• Software testing is to provide many types of information about product to interesting parties.
  • Software testers bring to project their specific MINDSET.
  • How to do exploratory testing: heuristics, critical thinking, questioning
  • Critical thinking is thinking about what we think.
  • Weinberg rule of 3, think of three different ways to do something
  • Six honest man, 5 W questions + how.
  • James Bach session test management
  • tool for session test management?
  • Michael Bolton created spread sheet for session test management automatic report creation

We created groups of three to implement session test management on Instapaper. My group decided to test search feature and one group member, experienced with Jira Capture, made notes for our session. In cooperation we made great notes, and found some interesting behavior in advanced search feature.

 Workshop: Critical thinking for testers with Michael Bolton

Here are my takeaways:

  • Calculator test assignment. Fell in trap again, despite the fact that I have done it on Rapid software testing course
  • Testers help to remove risks that jeopardize quality
  • assumptions => state them => their become your proxy for questions => do not go too deep
  • NEVER MAKE ASSUMPTIONS!
  • We often state that our ASSUMPTION is TRUE but with NO EVIDENCE
  • From assumption (premise), using reasoning to real cause
  • assumptions: reckless (high risk), risky (risk is acceptable), safe (no risk), required
  • assumption is more dangerous when it is hard to support it, there are too many factors to support it and has high impact
  • Reading: Validity and reliability in quantitative studies
  • Assumption can be: foundational, unlikely, blind, controversial, impolitic, volatile, unsustainable, premature, narcotic, latent
  • assignment: bat costs 1$ more than ball. Together they cost 1.10$. How much ball cost?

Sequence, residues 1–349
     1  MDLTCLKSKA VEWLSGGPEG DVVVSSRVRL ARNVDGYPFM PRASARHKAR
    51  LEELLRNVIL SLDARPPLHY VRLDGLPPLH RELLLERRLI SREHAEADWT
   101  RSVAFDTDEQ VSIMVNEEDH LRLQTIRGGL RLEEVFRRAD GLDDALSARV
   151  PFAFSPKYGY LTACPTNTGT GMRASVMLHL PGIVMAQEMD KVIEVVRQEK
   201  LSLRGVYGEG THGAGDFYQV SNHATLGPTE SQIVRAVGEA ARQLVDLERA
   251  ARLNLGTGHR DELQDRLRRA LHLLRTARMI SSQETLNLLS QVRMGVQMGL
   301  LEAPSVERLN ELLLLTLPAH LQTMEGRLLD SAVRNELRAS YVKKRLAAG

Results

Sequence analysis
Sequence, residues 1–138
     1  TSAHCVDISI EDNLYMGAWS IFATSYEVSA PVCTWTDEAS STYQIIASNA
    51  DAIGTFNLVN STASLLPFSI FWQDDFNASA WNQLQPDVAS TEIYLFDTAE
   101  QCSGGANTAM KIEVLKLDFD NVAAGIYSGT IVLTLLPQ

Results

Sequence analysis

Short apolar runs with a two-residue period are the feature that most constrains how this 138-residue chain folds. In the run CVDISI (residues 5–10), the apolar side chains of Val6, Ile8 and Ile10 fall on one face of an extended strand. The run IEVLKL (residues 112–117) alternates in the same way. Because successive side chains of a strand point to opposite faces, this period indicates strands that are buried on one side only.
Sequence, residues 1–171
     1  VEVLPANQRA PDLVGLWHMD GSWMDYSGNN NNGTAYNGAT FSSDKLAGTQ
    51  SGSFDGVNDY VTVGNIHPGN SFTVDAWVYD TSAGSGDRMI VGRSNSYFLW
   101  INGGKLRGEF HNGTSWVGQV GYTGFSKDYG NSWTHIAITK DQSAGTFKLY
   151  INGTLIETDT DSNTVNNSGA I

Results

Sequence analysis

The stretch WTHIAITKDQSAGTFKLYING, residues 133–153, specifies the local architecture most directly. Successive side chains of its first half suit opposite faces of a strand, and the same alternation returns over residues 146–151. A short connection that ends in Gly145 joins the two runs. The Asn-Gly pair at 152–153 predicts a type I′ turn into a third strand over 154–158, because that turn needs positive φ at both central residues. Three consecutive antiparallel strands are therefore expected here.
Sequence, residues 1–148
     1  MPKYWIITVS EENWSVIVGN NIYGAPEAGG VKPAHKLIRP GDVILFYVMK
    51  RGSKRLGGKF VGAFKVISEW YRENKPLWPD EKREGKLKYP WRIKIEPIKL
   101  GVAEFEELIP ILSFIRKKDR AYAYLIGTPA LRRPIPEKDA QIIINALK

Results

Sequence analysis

• Reading: Thinking fast and slow
  • Keep your eyes on the ball and the game
  • When you are too focus, you will miss something else
  • Alternate from wide to narrow view
  • Experience is the best teacher
  • Learn from every bug
  • Reading: Nassim Taleb: Black swan
  • Some bugs are obvious
  • Justify why you think this is a bug (unconscious factors, memory habit)
  • system 1 (reflex, fast, loser) and system 2 (reflection, slow, surer)
  • SOFTWARE TESTER MUST NOT GET FOOLED
  • Three stories: project, testing, product
  • Cognitive bias, help us to survive, but not help us with bugs (illusion, miss, quick decision, memory errors)
  • PEOPLE SHOULD (NOT) ARGUE ABOUT SEMANTICS
  • What is an integer?
  • Heuristic is way to solve a problem that could fail in that mission
  • As tester, you must give SYSTEM 2 time to WAKE UP!
  • PAUSE
  • I do not understand, I understand but it is not true, what is whole story, does it matter?
  • Conversation flow: intake => meaning => significance => response
  • Builder has focused mindset and tester has defocused mindset
  • Reading: Asking the right question. A guide to critical thinking.
  • A vs THE
  • And, unless, also, so far, not yet (be careful when you here those!)
  • Reading: How to not be wrong
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What I learned on pre TestBash2017 Brighton meetup

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TL;DR

Next series of post is about my takeaways from Brighton TestBash2017 conference. First was pre TestBash meetup.

That meetup was day before workshop day. I came late, and everybody was already in the game mood. I noticed that a lot of games were played.